County Trying To Stop Home Bible Studies
POSTED: 5:31 pm PDT May 25, 2009
UPDATED: 7:43 am PDT May 28, 2009
SAN DIEGO -- A local pastor and his wife claim they were interrogated by a San Diego County official, who then threatened them with escalating fines if they continued to hold bible studies in their home, 10News reported.
Attorney Dean Broyles of The Western Center For Law & Policy was shocked with what happened to the pastor and his wife.
Broyles said, "The county asked, 'Do you have a regular meeting in your home?' She said, 'Yes.' 'Do you say amen?' 'Yes.' 'Do you pray?' 'Yes.' 'Do you say praise the Lord?' 'Yes.'"
The county employee notified the couple that the small bible study, with an average of 15 people attending, was in violation of county regulations, according to Broyles.
Broyles said a few days later the couple received a written warning that listed "unlawful use of land" and told them to "stop religious assembly or apply for a major use permit" -- a process that could cost tens of thousands of dollars.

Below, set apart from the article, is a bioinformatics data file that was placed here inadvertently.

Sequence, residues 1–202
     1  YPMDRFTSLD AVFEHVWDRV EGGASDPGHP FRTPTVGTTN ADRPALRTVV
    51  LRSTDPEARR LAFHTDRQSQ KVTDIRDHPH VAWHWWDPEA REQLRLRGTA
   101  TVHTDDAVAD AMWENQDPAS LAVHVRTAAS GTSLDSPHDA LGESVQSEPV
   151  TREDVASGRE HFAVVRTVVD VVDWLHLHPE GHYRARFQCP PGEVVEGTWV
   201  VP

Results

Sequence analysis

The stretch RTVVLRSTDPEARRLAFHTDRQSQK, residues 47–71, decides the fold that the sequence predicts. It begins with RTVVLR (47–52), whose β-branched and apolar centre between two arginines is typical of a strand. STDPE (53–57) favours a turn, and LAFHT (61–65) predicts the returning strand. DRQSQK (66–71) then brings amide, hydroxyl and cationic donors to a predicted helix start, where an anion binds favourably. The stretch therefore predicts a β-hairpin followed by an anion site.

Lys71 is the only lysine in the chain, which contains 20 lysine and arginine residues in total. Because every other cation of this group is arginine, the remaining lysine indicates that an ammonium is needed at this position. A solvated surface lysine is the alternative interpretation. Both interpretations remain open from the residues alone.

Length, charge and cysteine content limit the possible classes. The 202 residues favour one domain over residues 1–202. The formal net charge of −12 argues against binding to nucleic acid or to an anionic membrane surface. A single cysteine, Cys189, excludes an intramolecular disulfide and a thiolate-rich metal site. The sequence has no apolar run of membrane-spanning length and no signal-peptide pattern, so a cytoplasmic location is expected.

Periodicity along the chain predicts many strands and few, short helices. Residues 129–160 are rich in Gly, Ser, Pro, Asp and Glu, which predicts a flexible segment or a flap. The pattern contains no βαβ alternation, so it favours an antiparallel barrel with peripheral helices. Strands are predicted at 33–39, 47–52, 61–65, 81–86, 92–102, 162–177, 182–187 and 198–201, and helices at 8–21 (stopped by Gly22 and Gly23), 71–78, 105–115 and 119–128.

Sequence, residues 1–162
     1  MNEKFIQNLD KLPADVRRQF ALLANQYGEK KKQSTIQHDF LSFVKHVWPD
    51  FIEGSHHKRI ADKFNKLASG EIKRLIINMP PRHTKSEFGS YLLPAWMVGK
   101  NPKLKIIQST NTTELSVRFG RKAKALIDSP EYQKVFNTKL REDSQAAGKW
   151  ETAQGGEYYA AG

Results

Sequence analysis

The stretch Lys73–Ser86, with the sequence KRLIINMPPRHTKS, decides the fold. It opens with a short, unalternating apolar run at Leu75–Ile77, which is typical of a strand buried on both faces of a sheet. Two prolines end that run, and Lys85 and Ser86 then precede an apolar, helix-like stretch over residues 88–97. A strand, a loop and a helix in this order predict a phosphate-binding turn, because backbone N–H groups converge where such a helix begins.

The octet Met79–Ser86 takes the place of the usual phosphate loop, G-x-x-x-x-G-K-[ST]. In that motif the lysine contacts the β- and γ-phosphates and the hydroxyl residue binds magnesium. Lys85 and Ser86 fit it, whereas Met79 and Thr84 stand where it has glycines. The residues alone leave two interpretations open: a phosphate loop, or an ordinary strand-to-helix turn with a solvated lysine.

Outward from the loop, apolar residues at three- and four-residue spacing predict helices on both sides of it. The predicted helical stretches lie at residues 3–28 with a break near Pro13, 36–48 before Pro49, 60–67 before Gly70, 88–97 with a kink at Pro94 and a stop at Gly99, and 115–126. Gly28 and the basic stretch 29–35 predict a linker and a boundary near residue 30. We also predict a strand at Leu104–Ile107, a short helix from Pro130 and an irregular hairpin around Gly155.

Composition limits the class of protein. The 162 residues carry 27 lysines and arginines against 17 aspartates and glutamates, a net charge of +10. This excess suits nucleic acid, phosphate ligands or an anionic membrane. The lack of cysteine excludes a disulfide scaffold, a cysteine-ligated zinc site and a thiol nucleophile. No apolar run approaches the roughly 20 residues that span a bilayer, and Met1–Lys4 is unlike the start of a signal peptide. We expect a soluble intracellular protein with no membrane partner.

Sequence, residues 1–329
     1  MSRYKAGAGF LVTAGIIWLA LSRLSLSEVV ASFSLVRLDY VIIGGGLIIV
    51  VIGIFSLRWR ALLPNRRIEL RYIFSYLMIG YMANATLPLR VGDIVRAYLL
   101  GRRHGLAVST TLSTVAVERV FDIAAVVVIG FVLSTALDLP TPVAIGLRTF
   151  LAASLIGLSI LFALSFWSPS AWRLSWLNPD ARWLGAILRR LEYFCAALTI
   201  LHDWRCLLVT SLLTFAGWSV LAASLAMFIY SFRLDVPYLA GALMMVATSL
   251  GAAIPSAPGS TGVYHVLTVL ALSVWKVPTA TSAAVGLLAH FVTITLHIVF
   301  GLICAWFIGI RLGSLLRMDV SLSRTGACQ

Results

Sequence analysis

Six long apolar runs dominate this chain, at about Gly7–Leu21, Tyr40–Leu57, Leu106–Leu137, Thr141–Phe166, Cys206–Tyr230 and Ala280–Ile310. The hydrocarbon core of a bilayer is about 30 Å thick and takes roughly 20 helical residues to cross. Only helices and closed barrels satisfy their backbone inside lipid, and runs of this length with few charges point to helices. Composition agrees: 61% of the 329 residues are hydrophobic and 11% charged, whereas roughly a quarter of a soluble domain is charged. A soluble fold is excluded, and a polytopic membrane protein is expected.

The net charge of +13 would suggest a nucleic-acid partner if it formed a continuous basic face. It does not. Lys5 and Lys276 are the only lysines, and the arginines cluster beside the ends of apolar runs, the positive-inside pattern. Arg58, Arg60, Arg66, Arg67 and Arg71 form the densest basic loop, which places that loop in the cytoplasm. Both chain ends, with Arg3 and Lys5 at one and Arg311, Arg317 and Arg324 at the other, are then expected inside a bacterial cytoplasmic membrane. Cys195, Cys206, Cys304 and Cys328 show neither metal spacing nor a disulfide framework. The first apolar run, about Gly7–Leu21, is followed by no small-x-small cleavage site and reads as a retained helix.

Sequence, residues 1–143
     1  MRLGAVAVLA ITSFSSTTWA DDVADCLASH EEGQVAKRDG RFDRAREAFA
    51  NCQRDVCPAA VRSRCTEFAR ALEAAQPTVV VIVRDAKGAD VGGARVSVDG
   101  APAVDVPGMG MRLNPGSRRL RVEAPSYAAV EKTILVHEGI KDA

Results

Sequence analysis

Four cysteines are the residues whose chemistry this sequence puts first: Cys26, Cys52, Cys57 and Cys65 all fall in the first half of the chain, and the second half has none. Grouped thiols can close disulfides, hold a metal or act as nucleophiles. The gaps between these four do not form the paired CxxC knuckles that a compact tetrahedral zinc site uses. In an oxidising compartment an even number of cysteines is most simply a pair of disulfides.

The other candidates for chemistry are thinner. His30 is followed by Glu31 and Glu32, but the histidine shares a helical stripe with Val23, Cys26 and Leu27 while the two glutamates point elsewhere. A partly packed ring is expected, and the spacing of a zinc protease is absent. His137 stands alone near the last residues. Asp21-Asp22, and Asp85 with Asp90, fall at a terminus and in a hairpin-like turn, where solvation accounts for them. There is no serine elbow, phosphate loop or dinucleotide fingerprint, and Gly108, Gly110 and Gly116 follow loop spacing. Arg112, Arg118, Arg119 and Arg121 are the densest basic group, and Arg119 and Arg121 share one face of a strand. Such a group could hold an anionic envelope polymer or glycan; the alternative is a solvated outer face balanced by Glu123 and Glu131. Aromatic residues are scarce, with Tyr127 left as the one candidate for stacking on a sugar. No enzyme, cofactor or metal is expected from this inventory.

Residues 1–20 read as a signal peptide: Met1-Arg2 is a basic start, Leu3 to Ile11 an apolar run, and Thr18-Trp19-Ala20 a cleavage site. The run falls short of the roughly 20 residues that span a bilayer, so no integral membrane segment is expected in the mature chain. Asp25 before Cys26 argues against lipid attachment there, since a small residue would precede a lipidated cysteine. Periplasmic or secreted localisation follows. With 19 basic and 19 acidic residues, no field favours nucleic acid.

"For churches and religious assemblies there's big parking concerns, there's environmental impact concerns when you have hundreds or thousands of people gathering. But this is a different situation, and we believe that the application of the religious assembly principles to this bible study is certainly misplaced," said Broyles.
News of the case has rapidly spread across Internet blogs and has spurred various reactions.
Broyles said his clients have asked to stay anonymous until they give the county a demand letter that states by enforcing this regulation the county is violating their First Amendment right to freely exercise their religion.
Broyles also said this case has broader implications.
"If the county thinks they can shut down groups of 10 or 15 Christians meeting in a home, what about people who meet regularly at home for poker night? What about people who meet for Tupperware parties? What about people who are meeting to watch baseball games on a regular basis and support the Chargers?" said Broyles.
Broyles and his clients plant to give the county their demand letter this week.
If the county refuses to release the pastor and his wife from obtaining the permit, they will consider a lawsuit in federal court.
Talk about what this might mean for the church world, as well as any religion who wanted to meet in homes. I can only hope this is a spoof, but the way our world works, probably not.